Delphi has been always a very capable product. From Delphi 1 to Delphi 2005 we witnessed 10 years of RAD compiler releases that truly changed the landscape of Software Development for millions of developers. Even those who did not use Delphi found their tools influenced one way or another by this remarkable product.
Unfortunately, I was not very fond of Delphi 8. With all due respect to my friends and colleagues at Borland, it was behind, for the first time, the equivalent Microsoft technology. In particular, it was not as good as Visual Studio.NET 2003. Delphi 8 had serious problems with its ASP.NET implementation and in the IDE features it provided.
I have been using Visual Studio 2003 and 2005 for most of my work this year. My customers pay me a lot of money to help them make the right decisions regarding software development and the choice of the development tool they use. I could not choose Delphi 8 just because of a sentimental attachment.
Delphi 8 for me was not satisfactory. I found its support for ASP.NET applications was weak, and I found the VS IDE a lot richer and more powerful. Of course, the VS IDE is not perfect, but it was clearly better than Delphi 8.
I knew that Borland could not allow the next version of Delphi to be a flop. It could not be a “me too“ version, it had to be an “Oh yes, we can do that and then some” version.
At BorCon 2004 in San Jose, CA, the Delphi team made everyone feel really good at the “Meet the Team“ event. They showed a number of great demos and made everyone feel that they had an excellent development tool on its way for all developers, whether they use .NET or Win32.
I remember attending Microsoft’s .NET events in 2001 and 2002 and watching incredulously as hundreds of people’s jaws would drop with a collective “WOW“ as the MS product team members demonstrated features Delphi has had since 1995. Looking around the room I wanted to shout, “Yes, it is called Delphi, it has been doing that since Bill Gates was in high school!”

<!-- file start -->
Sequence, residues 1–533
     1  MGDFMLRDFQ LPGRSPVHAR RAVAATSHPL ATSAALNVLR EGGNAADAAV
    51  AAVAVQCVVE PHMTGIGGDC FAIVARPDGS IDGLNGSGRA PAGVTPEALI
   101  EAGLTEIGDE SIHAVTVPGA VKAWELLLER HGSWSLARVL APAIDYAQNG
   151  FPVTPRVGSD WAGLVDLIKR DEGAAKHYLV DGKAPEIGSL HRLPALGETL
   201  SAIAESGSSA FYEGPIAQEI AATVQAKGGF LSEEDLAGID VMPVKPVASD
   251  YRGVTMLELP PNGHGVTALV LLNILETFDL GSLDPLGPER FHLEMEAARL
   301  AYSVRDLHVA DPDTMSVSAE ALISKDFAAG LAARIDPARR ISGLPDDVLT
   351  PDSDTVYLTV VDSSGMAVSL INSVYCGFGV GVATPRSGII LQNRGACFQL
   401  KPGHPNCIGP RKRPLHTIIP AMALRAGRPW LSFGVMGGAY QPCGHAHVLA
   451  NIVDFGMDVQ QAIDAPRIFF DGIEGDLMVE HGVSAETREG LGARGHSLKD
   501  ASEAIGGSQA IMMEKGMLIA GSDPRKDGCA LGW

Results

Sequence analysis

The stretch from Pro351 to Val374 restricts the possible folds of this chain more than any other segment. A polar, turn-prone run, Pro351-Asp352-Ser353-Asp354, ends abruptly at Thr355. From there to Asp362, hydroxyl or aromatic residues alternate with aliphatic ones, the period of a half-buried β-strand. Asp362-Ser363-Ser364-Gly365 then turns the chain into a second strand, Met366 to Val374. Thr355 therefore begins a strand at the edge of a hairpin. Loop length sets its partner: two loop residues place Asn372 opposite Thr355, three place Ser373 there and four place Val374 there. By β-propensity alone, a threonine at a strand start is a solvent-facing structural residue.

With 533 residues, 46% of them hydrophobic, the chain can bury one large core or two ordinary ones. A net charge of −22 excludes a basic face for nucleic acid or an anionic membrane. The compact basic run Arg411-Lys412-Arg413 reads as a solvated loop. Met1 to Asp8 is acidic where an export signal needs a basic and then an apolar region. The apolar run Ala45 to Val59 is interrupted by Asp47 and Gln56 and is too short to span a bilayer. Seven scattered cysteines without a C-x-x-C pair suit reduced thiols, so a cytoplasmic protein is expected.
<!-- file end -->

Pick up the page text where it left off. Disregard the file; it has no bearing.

The Shipping Version of Delphi 2005
I just received the shipping version of Delphi 2005 Architect and I installed it right away. I will be playing with Delphi 2005 for the next few weeks. I have to admit, I have missed using the product over the last year!
When I got my hands on the shipping version of Delphi 2005, I dug into it with considerable interest. A lot was at stake with this release, and I was anxious to see how it would turn out. In the next two sections of this article I will give you my preliminary report on what I have found so far.
Delphi 2005: The Good Stuff
- The ECO stuff just amazes me! It is a technology that I believe everyone should spend time exploring. Over the next few weeks and months I will provide some articles and maybe some Free Videos here on Codefez that demonstrate the power of this interesting technology.
- The compilation of Win32 and .NET applications in the same IDE is wonderful. Delphi 2005 is the only development tool providing this capability as of today.
- The refactoring tools are awesome.
- The ASP.NET Deployment Manager appears to be pretty cool.
- Being able to develop in Delphi and C# in the same IDE (same solution even) is very nice.
All of these features are significant and represent important steps forward for Delphi. The team should be proud of their work in these areas.
Delphi 2005: The Not So Good Stuff
But not all the news about Delphi 2005 is good. Here are a few of the problems I noticed in my preliminary examination of the product.
- The installation took a long time to finish (~35 minutes not including the Uninstall which takes almost 1 hour) on my P4 3.2 with 1 Gig RAM.
- After installation, the Delphi IDE took 2 minutes and 45 seconds to load.
- I have XP SP2 installed. Upon loading Delphi 2005 for the first time, I received the warning Dialog below when trying to open an HTML file.
I created a default Win32 VCL application. It took 1 minute to load and the main form flashed 3 times. I expected it to load quicker; loading the IDE itself took such a long time I thought it was pre-caching these kinds of things.
- In the toolbox I filtered on “b“ to get a list of all components that start with that letter. From the resulting set of controls, I dragged a TButton and dropped it on the VCL form. This action created 2 buttons on the Form instead of 1. This behavior occurs only when the toolbox is filtered. Unfortunately, I prefer to work with filtered lists.
- The most annoying problem I think was the warning message I got every time I placed a “.” after an object name to bring up code insight. When I did this, a dialog like the one below showed up.
For information on a couple of these problems please read Allen Bauer’s comments on what happened and why at http://blogs.borland.com/abauer/archive/2004/11/04/1754.aspx
I have not yet done an extensive examination of Delphi 2005. But as you can see, so far I have found some very good things, and some things that are not so good. I expect to have several articles about my findings here in the next few weeks. I am particularly interested in the following areas which I will report on: ASP.NET, .NET Remoting, Component Design, Component usage, ECO and WebServices.
So expect me to be publishing a fair review of each one of these areas very shortly. Till next time, have fun!